Marketing consultant Len Fong shares his holistic approach to Multicultural marketing. As Corporate America moves away from the illusion of mass marketing and into the realities of niche marketing, multicultural marketing becomes more and more important in helping advertisers gain market share and incremental revenues.
The 2000 Census confirms what multicultural marketing practitioners have known for a long time that U.S. ethnic consumers who have more than a trillion dollars in combined buying power cannot and will not be ignored. And multinational companies such as AT&T, Citibank, Ford, McDonald's, Proctor & Gamble and many others have taken notice by spending millions of dollars developing advertising messages that try to capture the hearts and minds of African Americans, Latinos, and Asian American consumers.
But are advertisers doing an effective job targeting these diverse audiences? The answer is "yes and no." Yes, they are doing much better than they did a decade ago. And no, they are not doing everything they can to capture the full spectrum of the growing ethnic markets. Many companies are still targeting ethnic consumers as if their entire purchasing experience exists in a static point in time. This is especially true when targeting foreign-born consumers that make up the majority of ethnic consumers in the U.S. Rarely do companies take into account the pre-America consumer experience inherent in every newly arrived immigrant to the U.S. What's needed is a more comprehensive way of addressing the needs and wants of the multi-lingual, mutli-ethnic consumer.
The time has come for a more holistic approach to multicultural marketing. One that takes into account that ethnic consumers do not live in a vacuum and do not adopt new buying habits overnight. An approach that acknowledges the influences of spending patterns from their homelands. And that social acculturation is intricately tied to product consumption behavior.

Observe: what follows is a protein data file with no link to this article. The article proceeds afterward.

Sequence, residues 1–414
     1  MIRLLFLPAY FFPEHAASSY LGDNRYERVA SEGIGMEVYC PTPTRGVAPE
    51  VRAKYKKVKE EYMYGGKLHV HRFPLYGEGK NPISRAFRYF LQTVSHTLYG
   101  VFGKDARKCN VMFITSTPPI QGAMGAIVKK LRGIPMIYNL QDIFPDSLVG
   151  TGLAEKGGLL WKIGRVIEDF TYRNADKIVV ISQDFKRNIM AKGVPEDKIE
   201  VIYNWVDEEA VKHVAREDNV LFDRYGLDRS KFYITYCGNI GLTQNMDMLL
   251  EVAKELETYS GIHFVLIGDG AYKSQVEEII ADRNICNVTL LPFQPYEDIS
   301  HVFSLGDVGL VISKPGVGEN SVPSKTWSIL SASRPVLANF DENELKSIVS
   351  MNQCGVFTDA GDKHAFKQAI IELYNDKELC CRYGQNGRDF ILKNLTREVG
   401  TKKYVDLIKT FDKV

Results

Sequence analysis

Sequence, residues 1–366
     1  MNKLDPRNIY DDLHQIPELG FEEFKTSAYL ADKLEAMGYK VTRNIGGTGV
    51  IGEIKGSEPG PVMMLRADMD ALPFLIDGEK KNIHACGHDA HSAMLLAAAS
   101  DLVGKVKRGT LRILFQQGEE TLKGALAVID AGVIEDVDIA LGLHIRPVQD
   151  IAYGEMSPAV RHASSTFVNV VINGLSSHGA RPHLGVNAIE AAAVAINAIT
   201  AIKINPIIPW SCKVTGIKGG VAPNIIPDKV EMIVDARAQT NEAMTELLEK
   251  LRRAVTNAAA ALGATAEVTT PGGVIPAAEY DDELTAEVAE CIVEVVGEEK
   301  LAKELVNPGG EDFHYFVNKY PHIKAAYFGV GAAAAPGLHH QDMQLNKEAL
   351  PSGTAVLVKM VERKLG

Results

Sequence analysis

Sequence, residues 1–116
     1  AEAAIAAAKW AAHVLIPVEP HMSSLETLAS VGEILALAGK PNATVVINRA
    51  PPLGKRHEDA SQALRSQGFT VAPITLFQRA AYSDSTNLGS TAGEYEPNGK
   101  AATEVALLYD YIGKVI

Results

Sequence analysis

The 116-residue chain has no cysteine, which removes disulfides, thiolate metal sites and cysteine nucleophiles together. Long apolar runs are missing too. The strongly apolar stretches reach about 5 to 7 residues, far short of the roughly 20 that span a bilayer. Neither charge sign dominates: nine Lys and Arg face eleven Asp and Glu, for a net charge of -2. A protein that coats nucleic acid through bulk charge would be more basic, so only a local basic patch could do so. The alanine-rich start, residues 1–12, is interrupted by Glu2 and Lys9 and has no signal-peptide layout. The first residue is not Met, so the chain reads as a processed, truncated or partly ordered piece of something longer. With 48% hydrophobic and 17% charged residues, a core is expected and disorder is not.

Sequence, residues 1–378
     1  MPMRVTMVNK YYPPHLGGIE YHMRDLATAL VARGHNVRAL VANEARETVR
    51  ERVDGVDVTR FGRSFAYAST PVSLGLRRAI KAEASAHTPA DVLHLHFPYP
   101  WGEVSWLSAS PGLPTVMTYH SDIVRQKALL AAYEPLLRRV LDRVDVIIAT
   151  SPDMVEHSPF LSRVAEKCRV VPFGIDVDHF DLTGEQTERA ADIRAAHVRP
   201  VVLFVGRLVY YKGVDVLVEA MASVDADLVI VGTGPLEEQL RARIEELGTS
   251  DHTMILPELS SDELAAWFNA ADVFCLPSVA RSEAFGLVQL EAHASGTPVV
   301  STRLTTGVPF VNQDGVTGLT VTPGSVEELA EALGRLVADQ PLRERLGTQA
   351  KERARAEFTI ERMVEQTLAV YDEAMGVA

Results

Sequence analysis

Imagine being able to track nomadic consumers as they cross geographic boundaries over the course of their lifetimes. Multinational companies are in an enviable position to capitalize on this "cradle to grave" approach. In today's global economy, advertisers need to leverage the breadth and depth of their global offices to offer useable market intelligence to every office within their network. Time and space is not an excusable obstacle in preventing a company from sustaining brand loyalty and global market share.
Companies that continue to leverage on global market intelligence can often predict consumer behavior while protecting its global market share from opportunistic competitors. So why does a company like Colgate-Palmolive, which dominates the toothpaste market in many parts of Asia spend next to nothing in targeting the recent Asian immigrant groups to the U.S.? One would think that Colgate would want to protect their global market share from the likes of Crest. And the same goes for Coke and their battle with Pepsi. Or McDonald's and their competition with Burger King.
It's a brave new world we now live in. What happens in one part of the world affects every other part of the world in profound ways. Global products and services marketed and branded in Asia or Latin America influences the way they are perceived by newly arrived immigrant groups to the U.S. Every ethnic group has "brand baggage" that can be leveraged to build on existing buying preferences. U.S. multinational companies that embrace the holistic brand experience of nomadic consumers will be the ones to reap the rewards of the new world economy. Whoever said that holistic medicine is bad for you never tasted the flavor of global brand loyalty. Its an alternative whose time has come.